The Covid Briefing Bingo Zombie

It me, kittens.



Here we are again, at the quite civilized hour of slightly after 4:30pm, and while I feel the Covidian ennui which shall forever scar this year in memory, I also feel seen. They finally moved the briefing to a time I won’t sleep through it. Although it doesn’t mean I feel less than zombie-like. It is 2020, after all. Vitality would be positively inappropriate!

I am but a child of my time, as was the Prince of Denmark. He was VERY 2020, was Hamlet.

Today’s briefing bingo is brought to you by the Bela Lugosi movie White Zombie, and it’s a cracking good ‘un! The very first Zombie movie ever, and still one of the best. The sound effects of the scene in the sugar mill alone will chill you to the core. The heroine is a complete dip, it must be admitted, and so is the hero for the first third of the film, But so were most people back then. The acting is very good indeed, with multiple memorable characters and the direction and script top notch.

From the YouTube notes: The first zombie film… ever! Bela Lugosi stars, in arguably his best performance next to Dracula, as Murder Legendre, voodoo master and keeper of the undead. Madge Bellamy, Robert Frazer, John Harron and Joseph Cawthorn co-star. Directed by Victor Halperin. Followed by the Lugosi-less “Revolt Of The Zombies” (1936). The film “White Zombie” and related promotional materials are public domain.

And for those who are still playing, rather than merely reading these commentaries, here are your game cards:

And our zombie-less (unless you count jaded civil servants in the background) CPAC video, which YouTube tells me currently has 107 viewers staring haplessly at a desk, an empty chair, and a row of carefully arranged Canadian flags.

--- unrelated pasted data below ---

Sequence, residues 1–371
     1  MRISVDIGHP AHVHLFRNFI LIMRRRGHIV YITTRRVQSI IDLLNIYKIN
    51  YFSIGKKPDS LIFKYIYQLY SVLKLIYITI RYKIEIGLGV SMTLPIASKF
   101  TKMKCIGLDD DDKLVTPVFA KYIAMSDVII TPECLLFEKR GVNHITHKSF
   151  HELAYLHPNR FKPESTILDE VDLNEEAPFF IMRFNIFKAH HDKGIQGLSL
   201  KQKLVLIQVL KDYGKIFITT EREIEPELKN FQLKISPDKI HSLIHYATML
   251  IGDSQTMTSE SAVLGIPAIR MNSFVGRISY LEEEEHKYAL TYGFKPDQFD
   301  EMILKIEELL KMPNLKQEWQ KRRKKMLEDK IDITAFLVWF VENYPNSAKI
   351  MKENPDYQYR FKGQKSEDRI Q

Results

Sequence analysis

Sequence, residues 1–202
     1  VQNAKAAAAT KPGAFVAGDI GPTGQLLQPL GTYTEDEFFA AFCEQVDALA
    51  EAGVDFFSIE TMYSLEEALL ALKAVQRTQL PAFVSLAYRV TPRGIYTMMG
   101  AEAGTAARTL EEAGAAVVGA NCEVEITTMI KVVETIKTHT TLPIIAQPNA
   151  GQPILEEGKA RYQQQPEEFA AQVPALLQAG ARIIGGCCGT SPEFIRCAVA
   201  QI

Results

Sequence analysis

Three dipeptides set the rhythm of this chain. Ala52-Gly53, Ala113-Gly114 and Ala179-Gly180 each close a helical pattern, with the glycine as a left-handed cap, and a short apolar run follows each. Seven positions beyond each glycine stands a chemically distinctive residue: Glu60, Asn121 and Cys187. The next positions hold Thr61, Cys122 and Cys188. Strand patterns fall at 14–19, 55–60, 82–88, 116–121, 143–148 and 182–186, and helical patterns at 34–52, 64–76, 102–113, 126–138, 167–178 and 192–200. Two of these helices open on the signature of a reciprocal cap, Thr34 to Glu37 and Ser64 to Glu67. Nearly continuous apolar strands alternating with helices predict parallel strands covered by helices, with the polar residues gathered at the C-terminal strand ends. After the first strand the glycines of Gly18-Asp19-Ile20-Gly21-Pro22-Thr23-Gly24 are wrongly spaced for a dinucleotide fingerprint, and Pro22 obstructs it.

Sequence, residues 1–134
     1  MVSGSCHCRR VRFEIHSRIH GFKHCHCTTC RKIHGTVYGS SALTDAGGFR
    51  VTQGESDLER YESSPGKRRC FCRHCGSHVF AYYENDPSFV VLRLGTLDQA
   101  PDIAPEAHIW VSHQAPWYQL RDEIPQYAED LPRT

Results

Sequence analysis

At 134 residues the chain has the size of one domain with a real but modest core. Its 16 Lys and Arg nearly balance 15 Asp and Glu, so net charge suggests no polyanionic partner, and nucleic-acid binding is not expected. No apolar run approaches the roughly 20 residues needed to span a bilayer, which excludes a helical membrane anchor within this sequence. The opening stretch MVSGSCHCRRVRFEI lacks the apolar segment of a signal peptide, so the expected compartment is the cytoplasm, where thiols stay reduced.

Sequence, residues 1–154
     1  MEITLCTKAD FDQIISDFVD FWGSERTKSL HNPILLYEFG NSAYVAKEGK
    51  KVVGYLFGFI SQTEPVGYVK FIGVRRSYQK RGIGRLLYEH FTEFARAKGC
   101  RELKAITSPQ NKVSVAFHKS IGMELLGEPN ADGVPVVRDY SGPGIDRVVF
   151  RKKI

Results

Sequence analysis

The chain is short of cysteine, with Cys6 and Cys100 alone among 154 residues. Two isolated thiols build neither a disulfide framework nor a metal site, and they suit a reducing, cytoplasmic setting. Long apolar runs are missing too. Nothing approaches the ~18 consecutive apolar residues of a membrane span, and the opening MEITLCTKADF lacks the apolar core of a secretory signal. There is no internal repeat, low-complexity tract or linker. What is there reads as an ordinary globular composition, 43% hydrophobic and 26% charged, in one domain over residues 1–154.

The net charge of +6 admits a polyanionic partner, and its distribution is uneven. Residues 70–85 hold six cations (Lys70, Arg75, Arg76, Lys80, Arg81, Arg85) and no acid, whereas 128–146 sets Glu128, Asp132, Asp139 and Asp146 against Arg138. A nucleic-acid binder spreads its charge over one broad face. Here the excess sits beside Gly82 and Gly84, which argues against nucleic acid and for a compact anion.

Prime Minister Justin Trudeau speaks with reporters on Parliament Hill following his virtual meeting with Canada’s first ministers. Health transfers and vaccine distribution were on top of the agenda. The prime minister also provides an update on the federal government’s response to the COVID-19 (coronavirus disease) pandemic. He is joined by Intergovernmental Affairs Minister Dominic LeBlanc, as well as Dr. Theresa Tam, Canada’s chief public health officer, and Major-General Dany Fortin, vice-president of logistics and operations at the Public Health Agency of Canada and head of the country’s vaccine distribution efforts. Health Canada announced the previous day that it had approved Pfizer-BioNTech’s COVID-19 vaccine and Canada’s first shipment of doses is expected to arrive the week of December 14. An initial batch of up to 249,000 doses will arrive before the end of 2020.

Shout-out to the reporter reading an actual, physical newspaper while waiting for the briefing. Way to fly the flag!

Mark your “Reporter sits in front row” square, because somebody is sitting in the far right-hand seat. Also your “Podium dressing” square for the white clipboard or whatever it is on the PM’s desk. I sense we are about to get charts.

And I note that every desk has a branded bottle of Safe Shield hand sanitizer, carefully arranged so the label faces front. A Quebec company, so mark your “Canadian business mentioned” because there’s more than one way to mention something. I hope their marketing person got a nice bottle of domestic bubbly or at least a 24 of craft ales.